Since the Supreme Court of the United States shook up the bankruptcy litigation world with its decision in Stern v. Marshall, bankruptcy practitioners have been finding “Stern problems” everywhere they look. A straightforward decision in Carney v. CitiMortgage, Inc., however, reminds us that, as broad as Stern may be, bankruptcy courts retain full authority to hear and consider “non-core” matters and to issue “proposed findings of fact and conclusions of law” for review by a district court.
Core vs. Non-Core
Bankruptcy courts are generally entitled to hear any action that “arises under” the Bankruptcy Code, “arises in” a bankruptcy case or is otherwise “related to” a bankruptcy case. When a dispute arises under the Bankruptcy Code or arises in a bankruptcy case, that dispute is generally said to fall within the bankruptcy court’s “core” jurisdiction. By statute, bankruptcy courts are authorized to issue a “final order” resolving any dispute that falls within their core jurisdiction. In contrast, if a dispute is only “related to” a bankruptcy case, it is generally said to fall within the bankruptcy court’s “non-core” jurisdiction. Bankruptcy courts are generally not permitted to enter final orders with respect to “non-core” disputes. Instead, they must issue “proposed findings of fact and conclusions of law” for consideration by a district court, which will then decide whether to issue a final order.
Stern v. Marshall
In Stern v. Marshall, the Supreme Court complicated this picture by holding that bankruptcy courts lack constitutional authority to enter final orders in certain matters that Congress specifically designated as “core.” As a result, disputes have proliferated over the scope of bankruptcy court decision-making power (the Supreme Court is expected to provide some additional clarity on that front soon). In fact, the scope of bankruptcy court power has become so murky that some bankruptcy litigators are starting to see potential Stern challenges where none exist. Thankfully, a well-reasoned and concise decision from the Bankruptcy Court for the Southern District of Georgia has provided a welcome reminder of Stern’s limits.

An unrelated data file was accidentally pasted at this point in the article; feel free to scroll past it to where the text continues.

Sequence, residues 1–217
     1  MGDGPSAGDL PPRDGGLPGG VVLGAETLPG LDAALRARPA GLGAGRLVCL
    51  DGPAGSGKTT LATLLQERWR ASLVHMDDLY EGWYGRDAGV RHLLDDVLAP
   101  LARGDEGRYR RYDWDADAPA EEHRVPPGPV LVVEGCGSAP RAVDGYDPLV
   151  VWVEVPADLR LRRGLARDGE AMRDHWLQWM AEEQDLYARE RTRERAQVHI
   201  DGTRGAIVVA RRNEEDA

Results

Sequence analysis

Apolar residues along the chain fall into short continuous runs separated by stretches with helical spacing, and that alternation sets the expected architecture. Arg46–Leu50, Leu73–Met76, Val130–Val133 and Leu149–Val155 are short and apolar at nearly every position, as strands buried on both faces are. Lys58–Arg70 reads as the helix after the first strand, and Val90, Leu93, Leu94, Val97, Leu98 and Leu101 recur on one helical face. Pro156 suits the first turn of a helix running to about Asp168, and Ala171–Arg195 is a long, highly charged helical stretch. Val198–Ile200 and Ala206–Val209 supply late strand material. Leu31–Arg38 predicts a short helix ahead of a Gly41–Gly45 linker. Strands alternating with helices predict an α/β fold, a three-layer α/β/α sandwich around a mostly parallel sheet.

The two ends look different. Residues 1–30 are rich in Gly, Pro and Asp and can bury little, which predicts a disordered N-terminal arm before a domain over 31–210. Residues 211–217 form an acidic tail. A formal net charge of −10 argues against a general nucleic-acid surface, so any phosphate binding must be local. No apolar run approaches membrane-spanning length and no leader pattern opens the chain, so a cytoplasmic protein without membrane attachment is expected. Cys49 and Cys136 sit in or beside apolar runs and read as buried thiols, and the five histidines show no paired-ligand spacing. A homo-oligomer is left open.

Carney v. Citimortgage, Inc.
In 2012, William and Janice Carney filed a chapter 13 personal bankruptcy petition and, thereafter, commenced a lawsuit in the bankruptcy court seeking to set aside a foreclosure on their home, as well as actual and punitive damages against a group of defendants. One of the defendants in the lawsuit, a law firm that the plaintiffs had retained to provide foreclosure-prevention services, moved to dismiss the action on Stern v. Marshall grounds. Additionally, the defendant argued that the action was “non-core” and that the bankruptcy court therefore lacked jurisdiction over the dispute.
In rejecting the motion to dismiss, the bankruptcy court highlighted the contradictions between the defendant’s two arguments. While the Supreme Court in Stern ruled that a bankruptcy court may not enter a final order on certain matters designated as core, it did not limit a bankruptcy court’s authority to issue proposed findings of fact and conclusions of law on “non-core” matters. Thus, according to the bankruptcy, the defendant’s assertion that the dispute was “non-core” (which the plaintiffs did not dispute) rendered Stern irrelevant.
The bankruptcy court’s conclusion is unquestionably correct. The premise of Stern is that only “Article III” courts—which include district courts—are entitled to issue final orders on certain matters. Allowing bankruptcy courts to review non-core matters, but limiting their decision–making power to issuing proposed findings of fact and conclusions of law for de novo consideration by a district court, does not violate that premise.
The lesson is simple: while Stern may prevent a bankruptcy court from entering a final order (or potentially doing anything at all) with respect to certain core disputes, bankruptcy court power over non-core matters remains unchanged.